Quantcast
Environmental News for a Healthier Planet and Life

Leonardo DiCaprio's Climate Change Documentary a 'Rousing Call to Action'

Popular
Leonardo DiCaprio's Climate Change Documentary a 'Rousing Call to Action'

Leonardo DiCaprio may be the star of his latest documentary, Before the Flood, but something much bigger takes center stage: Earth.

The Oscar-winning actor and longtime environmental advocate celebrated the world premiere of his climate change documentary on Friday at the Toronto International Film Festival (TIFF).

"Looking forward to sharing this documentary with everyone as we continue to act on #climatechange together," DiCaprio tweeted.

He also wrote on Instagram, "filming 'Before the Flood' was an incredible experience & today's screening of the documentary at #TIFF16 is an honor."

In the documentary, the UN Ambassador of Peace journeys around the globe to highlight the perils of a warming planet. According to TIFF documentary programmer Thom Powers' review of the film, DiCaprio travels to Alberta, Canada to see its toxic tar sands. He witnesses the frequently flooded streets of Miami Beach, Florida. He visits Beijing, a city shrouded by a constant cloak of smog. DiCaprio also explores Indonesia, a country toiling from forest fires caused by unsustainable palm oil development.

The film also features a roster of environmental champions as guest stars, from Tesla CEO and inventor Elon Musk, meteorologist and astronaut Piers Sellers, activist and environmentalist Sunita Narain and President Barack Obama.

In the clip below, DiCaprio and National Geographic explorer-in-residence Dr. Enric Sala visit the North Pole to see narwhals, which the World Wildlife Fund classifies as nearly threatened. Narwhals depend on sea ice for their existence and can be directly impacted by climate change.

"I don't want to be on a planet without these animals," Sala says in the footage.

Documentary director Fisher Stevens told Entertainment Weekly that the footage above was shot during a July 2015 visit to the Baffin Island in the Canadian Arctic.

"We visited National Geographic explorer Enric Sala who was doing a study on how much sea ice has melted in the Arctic—and we were shocked to hear that by 2040 there will be no sea ice left in the summer," Stevens said.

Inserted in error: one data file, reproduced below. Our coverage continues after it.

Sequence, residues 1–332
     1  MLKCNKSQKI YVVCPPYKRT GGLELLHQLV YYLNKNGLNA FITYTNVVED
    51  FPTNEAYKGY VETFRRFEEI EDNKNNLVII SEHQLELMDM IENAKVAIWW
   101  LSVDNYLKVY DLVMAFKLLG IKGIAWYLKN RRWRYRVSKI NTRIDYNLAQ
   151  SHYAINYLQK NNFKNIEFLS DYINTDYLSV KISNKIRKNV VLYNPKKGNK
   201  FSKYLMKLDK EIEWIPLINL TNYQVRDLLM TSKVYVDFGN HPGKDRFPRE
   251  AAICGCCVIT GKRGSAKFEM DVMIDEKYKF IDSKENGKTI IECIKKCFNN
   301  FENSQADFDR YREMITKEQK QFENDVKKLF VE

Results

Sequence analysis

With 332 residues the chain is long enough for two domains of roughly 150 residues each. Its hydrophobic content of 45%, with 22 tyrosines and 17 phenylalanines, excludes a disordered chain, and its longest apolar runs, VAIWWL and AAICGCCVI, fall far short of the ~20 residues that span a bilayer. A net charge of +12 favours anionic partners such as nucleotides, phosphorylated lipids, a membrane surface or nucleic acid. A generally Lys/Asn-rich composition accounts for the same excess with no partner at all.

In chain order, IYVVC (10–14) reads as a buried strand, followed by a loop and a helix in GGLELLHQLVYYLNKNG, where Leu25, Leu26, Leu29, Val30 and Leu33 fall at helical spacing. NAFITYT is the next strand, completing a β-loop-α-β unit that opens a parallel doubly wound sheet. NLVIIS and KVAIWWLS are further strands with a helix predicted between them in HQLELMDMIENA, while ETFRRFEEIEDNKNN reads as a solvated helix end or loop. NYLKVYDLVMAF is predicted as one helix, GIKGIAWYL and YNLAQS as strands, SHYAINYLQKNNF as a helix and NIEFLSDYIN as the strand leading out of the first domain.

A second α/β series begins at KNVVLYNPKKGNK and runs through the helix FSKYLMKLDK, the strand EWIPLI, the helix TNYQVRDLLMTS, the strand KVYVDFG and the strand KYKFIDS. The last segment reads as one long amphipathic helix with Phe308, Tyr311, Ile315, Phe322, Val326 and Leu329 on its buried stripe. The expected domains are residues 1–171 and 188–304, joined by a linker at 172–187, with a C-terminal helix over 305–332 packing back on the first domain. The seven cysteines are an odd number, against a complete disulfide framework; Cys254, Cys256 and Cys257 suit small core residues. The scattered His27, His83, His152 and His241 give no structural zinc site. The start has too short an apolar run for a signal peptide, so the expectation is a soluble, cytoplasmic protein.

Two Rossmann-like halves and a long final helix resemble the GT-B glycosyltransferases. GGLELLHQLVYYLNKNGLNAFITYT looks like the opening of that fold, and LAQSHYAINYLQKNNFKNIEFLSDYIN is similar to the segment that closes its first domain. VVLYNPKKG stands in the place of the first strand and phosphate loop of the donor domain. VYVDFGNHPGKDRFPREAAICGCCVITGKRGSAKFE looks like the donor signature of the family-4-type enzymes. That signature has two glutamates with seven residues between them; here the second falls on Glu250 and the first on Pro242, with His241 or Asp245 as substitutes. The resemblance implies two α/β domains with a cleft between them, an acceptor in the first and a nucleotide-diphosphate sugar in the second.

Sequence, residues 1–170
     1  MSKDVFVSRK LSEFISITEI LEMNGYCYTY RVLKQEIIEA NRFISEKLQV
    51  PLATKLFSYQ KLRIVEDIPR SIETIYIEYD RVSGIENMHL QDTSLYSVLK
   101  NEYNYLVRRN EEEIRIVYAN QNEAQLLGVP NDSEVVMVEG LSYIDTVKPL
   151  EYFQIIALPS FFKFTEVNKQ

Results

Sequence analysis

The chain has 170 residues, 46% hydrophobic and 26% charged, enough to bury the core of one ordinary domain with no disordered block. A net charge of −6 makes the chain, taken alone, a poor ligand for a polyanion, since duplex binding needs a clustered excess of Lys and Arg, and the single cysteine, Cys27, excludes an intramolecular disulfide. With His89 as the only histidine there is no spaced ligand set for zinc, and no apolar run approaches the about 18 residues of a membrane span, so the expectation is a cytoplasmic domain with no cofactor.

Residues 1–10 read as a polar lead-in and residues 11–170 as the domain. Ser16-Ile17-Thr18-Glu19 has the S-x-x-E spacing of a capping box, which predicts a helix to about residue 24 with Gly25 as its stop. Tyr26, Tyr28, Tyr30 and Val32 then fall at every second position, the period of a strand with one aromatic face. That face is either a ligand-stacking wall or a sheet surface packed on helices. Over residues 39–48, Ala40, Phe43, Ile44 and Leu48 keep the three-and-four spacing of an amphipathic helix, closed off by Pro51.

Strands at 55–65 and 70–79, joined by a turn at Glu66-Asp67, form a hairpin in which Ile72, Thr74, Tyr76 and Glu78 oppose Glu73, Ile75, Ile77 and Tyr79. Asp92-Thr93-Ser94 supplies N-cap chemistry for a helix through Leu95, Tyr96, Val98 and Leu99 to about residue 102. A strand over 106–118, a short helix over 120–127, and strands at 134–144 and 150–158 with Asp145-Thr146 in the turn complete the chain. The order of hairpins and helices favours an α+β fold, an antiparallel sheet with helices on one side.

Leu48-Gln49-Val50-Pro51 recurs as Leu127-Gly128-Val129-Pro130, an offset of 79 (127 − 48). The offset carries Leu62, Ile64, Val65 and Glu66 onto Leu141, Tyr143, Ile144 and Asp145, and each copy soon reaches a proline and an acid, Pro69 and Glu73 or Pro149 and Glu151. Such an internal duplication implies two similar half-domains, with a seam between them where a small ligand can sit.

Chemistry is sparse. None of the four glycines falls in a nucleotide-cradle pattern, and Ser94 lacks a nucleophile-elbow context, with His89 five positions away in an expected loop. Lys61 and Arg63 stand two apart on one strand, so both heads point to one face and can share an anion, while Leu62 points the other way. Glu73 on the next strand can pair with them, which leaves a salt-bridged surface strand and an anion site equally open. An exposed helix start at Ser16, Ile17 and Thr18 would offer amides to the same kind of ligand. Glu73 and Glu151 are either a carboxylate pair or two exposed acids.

"For two and a half years we went on a journey to learn about the effects of climate change. How far it has gone, why there are still people denying it, and whether it is too late to do anything about it," he continued. "We're extremely proud that National Geographic is helping us bring this odyssey to the world."

Stevens was the producer behind the 2009 Oscar-winning exposé, The Cove, about Taiji, Japan's infamous dolphin slaughter.

Powers praised Before the Flood, calling the film a "rousing call to action."

"This isn't the first environmental documentary and it won't be the last. But DiCaprio's charisma makes it one of the most accessible," Powers wrote. "His passion and inquisitiveness radiate in his blunt talk and genuine curiosity."

"As it sweeps us along on its fascinating tour, Before the Flood reminds us of the beauty and diversity of our world," Powers concluded. "It also galvanizes us to do whatever it takes to save the planet—and ourselves."

Entertainment Weekly reported that after its screening in Toronto, Before the Flood will hit theaters in New York and Los Angeles starting Oct. 21. The National Geographic Channel will air the documentary globally in 171 countries and 45 languages on Oct. 30.

Producing avocado and almond crops is having a detrimental effect on bees. Molly Aaker / Getty Images

At first glance, you wouldn't think avocados and almonds could harm bees; but a closer look at how these popular crops are produced reveals their potentially detrimental effect on pollinators.

Read More Show Less

EcoWatch Daily Newsletter

An oblique (left) and dorsal (right) photo of a female Pharohylaeus lactiferous. J.B. Dorey / Journal of Hymenoptera Research

Australia is one of the most biodiverse countries in the world. It is home to more than 7% of all the world's plant and animal species, many of which are endemic. One such species, the Pharohylaeus lactiferus bee, was recently rediscovered after spending nearly 100 years out of sight from humans.

Read More Show Less

Trending

Scientists believe sharks use bioluminescence to camouflage themselves. Jérôme Mallefet

Scientists have newly photographed three species of shark that can glow in the dark, according to a study published in Frontiers in Marine Science last month.

Read More Show Less
A FedEx truck travels along Interstate 10 by the San Gorgonio Pass Wind Farm near Palm Springs, California on Feb. 27, 2019. Robert Alexander / Getty Images

FedEx's entire parcel pickup and delivery fleet will become 100 percent electric by 2040, according to a statement released Wednesday. The ambitious plan includes checkpoints, such as aiming for 50 percent electric vehicles by 2025.

Read More Show Less
Empty freeways, such as this one in LA, were a common sight during COVID-19 lockdowns in spring 2020. vlvart / Getty Images

Lockdown measures to stop the spread of the coronavirus pandemic had the added benefit of reducing greenhouse gas emissions by around seven percent, or 2.6 billion metric tons, in 2020.

Read More Show Less